10,000-year-old fossils found in Ipoh limestone hill by caving enthusiasts

Sylvia Looi
Mammalian fossils have been found scattered in an unnamed cave at Simpang Pulai. — Pix courtesy of Leong Yie Meng

IPOH, Aug 20 — A total of 107 fossils dating back to ten thousand years have been uncovered in an unnamed limestone hill here recently.

The fossils were found by a team of caving enthusiasts calling themselves Kinta Valley Watch (KVW) during a recent expedition near Gua Naga Mas in Gunung Pua at Simpang Pulai here.

Palaeontologist and zooarcheologist Lim Tze Tshen, accompanied by KVW members, unearthed 30 mammalian fossils in two hours, including the molar tooth of wild cattle.

A well-preserved rhino tooth that was found a group of caving enthusiasts.

“Fossils document the existence of now-extinct species, showing that different organisms have lived in Kinta Valley during different periods of the place’s history.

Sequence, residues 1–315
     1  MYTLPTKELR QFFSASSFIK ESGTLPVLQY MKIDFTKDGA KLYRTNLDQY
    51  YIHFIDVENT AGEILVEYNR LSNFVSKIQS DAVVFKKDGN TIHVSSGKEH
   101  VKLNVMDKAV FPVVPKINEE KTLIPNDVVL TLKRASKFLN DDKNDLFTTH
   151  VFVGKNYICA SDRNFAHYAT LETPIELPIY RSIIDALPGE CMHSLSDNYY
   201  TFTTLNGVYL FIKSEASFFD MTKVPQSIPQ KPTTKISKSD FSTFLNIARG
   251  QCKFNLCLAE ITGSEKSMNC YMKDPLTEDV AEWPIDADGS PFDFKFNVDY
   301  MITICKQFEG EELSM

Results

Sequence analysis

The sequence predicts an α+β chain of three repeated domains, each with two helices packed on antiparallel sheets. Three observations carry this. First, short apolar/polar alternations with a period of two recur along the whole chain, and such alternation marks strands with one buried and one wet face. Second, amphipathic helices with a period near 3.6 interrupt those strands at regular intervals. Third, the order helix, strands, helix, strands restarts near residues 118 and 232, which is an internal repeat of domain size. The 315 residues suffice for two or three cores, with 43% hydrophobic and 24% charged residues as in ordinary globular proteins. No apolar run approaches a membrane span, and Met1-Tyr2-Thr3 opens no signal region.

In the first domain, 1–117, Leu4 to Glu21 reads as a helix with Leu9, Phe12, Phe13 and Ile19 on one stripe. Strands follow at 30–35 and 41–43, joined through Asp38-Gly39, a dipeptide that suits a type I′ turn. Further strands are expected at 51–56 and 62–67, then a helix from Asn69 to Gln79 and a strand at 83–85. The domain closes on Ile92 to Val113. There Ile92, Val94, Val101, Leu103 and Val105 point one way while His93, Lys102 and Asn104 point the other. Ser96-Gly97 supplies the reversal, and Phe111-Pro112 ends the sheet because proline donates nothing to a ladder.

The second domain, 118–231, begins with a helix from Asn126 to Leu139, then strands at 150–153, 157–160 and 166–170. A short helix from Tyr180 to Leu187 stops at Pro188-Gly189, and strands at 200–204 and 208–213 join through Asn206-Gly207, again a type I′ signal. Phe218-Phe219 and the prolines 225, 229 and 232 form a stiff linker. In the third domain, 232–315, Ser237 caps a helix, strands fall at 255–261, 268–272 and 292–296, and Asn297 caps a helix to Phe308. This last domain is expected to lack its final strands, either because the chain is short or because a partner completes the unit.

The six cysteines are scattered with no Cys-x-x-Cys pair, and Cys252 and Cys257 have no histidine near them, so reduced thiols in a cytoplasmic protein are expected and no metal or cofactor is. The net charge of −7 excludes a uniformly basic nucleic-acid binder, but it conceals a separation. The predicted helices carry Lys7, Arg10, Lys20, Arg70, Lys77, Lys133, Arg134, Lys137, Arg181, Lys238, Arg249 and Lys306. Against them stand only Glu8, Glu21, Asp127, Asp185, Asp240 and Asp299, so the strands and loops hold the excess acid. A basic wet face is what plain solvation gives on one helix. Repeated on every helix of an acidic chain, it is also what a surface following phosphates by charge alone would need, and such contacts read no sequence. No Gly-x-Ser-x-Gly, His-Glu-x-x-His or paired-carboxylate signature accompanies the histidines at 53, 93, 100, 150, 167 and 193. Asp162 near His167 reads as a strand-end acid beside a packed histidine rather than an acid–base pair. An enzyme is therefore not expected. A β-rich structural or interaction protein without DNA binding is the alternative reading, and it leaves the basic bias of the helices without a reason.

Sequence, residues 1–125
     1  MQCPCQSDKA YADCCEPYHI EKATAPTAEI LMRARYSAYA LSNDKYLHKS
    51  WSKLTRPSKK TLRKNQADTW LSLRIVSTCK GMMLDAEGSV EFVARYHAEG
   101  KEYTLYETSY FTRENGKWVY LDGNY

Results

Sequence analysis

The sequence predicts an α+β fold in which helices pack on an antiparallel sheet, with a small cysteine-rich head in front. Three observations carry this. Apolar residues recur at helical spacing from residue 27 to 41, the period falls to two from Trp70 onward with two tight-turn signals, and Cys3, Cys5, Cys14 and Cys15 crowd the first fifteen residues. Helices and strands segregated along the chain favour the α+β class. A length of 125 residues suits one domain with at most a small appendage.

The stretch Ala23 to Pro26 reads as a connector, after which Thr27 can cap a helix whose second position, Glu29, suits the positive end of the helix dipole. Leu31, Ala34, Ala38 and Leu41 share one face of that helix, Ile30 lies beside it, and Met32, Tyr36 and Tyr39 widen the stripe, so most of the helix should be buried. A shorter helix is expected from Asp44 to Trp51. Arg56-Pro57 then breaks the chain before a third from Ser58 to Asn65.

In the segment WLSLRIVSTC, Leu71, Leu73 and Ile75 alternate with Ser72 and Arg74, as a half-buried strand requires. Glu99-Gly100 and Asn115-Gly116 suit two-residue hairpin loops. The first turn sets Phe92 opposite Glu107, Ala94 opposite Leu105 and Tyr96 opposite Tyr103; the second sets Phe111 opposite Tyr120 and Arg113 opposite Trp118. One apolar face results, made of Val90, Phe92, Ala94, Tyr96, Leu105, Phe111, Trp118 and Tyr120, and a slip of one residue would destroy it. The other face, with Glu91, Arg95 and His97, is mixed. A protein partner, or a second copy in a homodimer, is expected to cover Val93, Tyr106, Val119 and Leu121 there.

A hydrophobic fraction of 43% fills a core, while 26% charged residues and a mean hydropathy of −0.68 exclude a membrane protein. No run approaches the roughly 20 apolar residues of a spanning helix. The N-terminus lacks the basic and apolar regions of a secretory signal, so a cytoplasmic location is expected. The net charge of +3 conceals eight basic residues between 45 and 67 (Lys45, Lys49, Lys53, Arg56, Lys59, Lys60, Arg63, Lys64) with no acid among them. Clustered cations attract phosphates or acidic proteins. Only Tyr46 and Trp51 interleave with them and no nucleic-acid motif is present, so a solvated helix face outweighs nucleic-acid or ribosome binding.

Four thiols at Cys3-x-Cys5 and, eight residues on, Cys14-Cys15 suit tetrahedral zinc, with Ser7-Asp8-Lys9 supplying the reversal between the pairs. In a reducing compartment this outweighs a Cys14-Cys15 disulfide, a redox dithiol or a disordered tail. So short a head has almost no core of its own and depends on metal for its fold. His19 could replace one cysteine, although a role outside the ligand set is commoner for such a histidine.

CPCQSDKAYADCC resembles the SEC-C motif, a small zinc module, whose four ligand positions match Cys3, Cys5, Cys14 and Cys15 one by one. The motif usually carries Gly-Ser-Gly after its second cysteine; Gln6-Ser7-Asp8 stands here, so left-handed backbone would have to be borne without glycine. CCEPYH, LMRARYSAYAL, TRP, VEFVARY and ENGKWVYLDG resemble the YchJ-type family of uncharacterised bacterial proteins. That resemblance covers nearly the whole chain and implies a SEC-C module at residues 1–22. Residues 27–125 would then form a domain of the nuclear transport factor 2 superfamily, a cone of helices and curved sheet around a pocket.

“Without fossils, locals will not be able to witness the evidence of evolution,” said KVW spokesman Ching Boon Tat in a statement.

The fossils have been handed over to Perak Minerals and Geoscience Department for dating and valuation in hope that the unnamed cave where the fossils were uncovered will be gazetted under Kinta Valley Geopark.

The fossil is said to be from a wild boar with colouring and pattern differed from the common species.

In a preliminary evaluation, the fossils found are said to be wild boar, porcupines, deer, rhinoceros, wild cattle and monkey.

Ching noted that most caves in Kinta Valley have yet to be surveyed and inspected.

“There are insufficient studies on the caves, let alone fossil records.

The unnamed limestone hill near Simpang Pulai, where 107 fossils dating back to ten thousand years were discovered.

“The unsightly appearance of quarried hills in Ipoh have led to outcry by public who are concerned fossils in active quarry sites may be displaced,” he said.

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